Body distortion: Body distortion is when someone sees her or his body shape, size and appearance differently from what everyone else sees. Body distortion causes a person to over-focus on flaws or imperfections that they are insecure about. Most people who struggle with an eating disorder have body distortion issues that are very hard to get rid of, because they often worry about how they look and what people think of them.
How do I improve my body image?
- Start by writing down or journaling about 5 parts of your body that you like (ears, eyes, legs, teeth, hair, etc.).
- Write down things that your body can do when it’s healthy (running, dancing, hiking, biking, etc.).
- Write down 10 things you like about yourself (caring, responsible, funny, smart, creative etc.).
- Make a list of accomplishments you are proud of.
- Buy clothes that you feel comfortable in and give away any that make you feel self-conscious or uncomfortable.
- Relax. Take a bath, listen to music, play a game, sing, or meditate.
- Spend time with positive people who make you feel comfortable and you can be yourself around.
- Remind yourself that everyone’s body is different and that not everyone is meant to be the same shape or size.
- Be critical of advertisements, magazines and the media. Many people will write letters to a company if they find their ads or articles upsetting or hurtful.
- Make yourself smile when you look in the mirror. It might feel weird at first, but after a while, you could start to notice a difference in the way you see yourself.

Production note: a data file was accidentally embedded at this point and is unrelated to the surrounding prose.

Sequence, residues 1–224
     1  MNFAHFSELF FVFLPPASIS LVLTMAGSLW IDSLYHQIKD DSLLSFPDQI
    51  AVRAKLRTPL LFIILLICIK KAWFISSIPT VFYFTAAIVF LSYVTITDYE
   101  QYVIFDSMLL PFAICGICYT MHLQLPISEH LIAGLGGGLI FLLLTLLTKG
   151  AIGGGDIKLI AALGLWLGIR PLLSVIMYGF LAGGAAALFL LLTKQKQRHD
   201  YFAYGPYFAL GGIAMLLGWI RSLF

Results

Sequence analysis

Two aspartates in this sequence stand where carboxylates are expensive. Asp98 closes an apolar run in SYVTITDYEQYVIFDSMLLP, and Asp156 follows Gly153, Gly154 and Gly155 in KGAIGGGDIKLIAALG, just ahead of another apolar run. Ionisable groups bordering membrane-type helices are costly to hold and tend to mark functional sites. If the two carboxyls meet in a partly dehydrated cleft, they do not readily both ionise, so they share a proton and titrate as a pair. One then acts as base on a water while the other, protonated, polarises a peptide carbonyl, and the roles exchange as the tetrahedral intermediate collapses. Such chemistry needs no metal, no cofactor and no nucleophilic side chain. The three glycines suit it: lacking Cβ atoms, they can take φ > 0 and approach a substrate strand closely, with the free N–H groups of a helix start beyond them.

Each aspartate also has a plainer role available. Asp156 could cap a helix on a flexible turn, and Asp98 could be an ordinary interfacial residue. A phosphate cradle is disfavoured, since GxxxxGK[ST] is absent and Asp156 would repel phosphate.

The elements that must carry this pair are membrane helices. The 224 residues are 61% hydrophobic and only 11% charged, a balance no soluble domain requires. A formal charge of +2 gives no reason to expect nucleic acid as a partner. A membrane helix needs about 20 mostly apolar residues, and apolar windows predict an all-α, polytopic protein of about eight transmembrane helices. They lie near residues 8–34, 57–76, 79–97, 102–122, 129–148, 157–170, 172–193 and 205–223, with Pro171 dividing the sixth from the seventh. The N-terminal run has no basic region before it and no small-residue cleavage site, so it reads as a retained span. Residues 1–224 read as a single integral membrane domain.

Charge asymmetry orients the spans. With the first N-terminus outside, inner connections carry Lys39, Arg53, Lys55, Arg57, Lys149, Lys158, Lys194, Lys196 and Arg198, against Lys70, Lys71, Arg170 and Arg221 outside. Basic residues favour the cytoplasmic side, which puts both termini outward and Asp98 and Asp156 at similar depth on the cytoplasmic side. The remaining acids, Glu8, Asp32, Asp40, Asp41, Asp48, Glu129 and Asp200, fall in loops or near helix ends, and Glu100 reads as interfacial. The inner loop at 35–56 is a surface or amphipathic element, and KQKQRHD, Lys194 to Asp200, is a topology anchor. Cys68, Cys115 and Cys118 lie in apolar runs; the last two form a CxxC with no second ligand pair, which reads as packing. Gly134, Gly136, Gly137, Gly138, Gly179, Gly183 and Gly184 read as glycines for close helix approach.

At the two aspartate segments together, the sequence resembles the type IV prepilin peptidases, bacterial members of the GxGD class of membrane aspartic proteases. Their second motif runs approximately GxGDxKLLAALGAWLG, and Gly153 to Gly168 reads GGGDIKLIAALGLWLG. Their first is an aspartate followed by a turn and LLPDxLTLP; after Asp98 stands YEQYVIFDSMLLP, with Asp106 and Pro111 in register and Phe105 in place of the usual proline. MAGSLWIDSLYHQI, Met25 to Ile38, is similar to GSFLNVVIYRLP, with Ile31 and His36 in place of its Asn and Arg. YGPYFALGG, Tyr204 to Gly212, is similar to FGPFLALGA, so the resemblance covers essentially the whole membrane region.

What do I do if I think my friend has an eating disorder?
Approaching a friend who you think has an eating disorder can be very hard. People who have eating disorders are often in denial, and therefore very defensive about their behaviors. They also tend to be very secretive about their behaviors, and often refuse to talk about their problems. Despite the strong reactions, it’s very important to continue to try and help someone you care about. In most cases, they need a lot of support and encouragement from friends and family to help them take the first step to seek treatment.
What are some suggestions for supporting someone you care about?
- Talk about the issue in a supportive and caring way
- Remind them how much you care about them and how important they are to you
- Read as much as you can about eating disorders to better understand what they’re going through
- Be direct
- Talk to them in private, not around other people or in public
- Instead of using the word “you” say “I” (ex. I’ve noticed that you have been eating less, or I’ve noticed that you always go to the bathroom after meals)
- Be patient and go slowly, it may take them a while to come to terms with their issue, and admit that they are struggling
- Always be there as a support and encourage them to seek treatment, if necessary
- If you feel uncomfortable talking to them directly or feel as if they won’t listen, write a letter
- Talk to your parent(s) or a professional such as a teacher, school counselor, health care provider, nurse, or another trusted adult that will respect your friend’s privacy
- Be encouraging
Things to avoid:
- Sounding threatening or judgmental
- Talking about food or weight
- Offering them advice regarding food, exercise, etc.
- Controlling what they eat and how much
- Being the “food police” (watching or commenting on everything they eat), which could cause them to feel uncomfortable and not trust you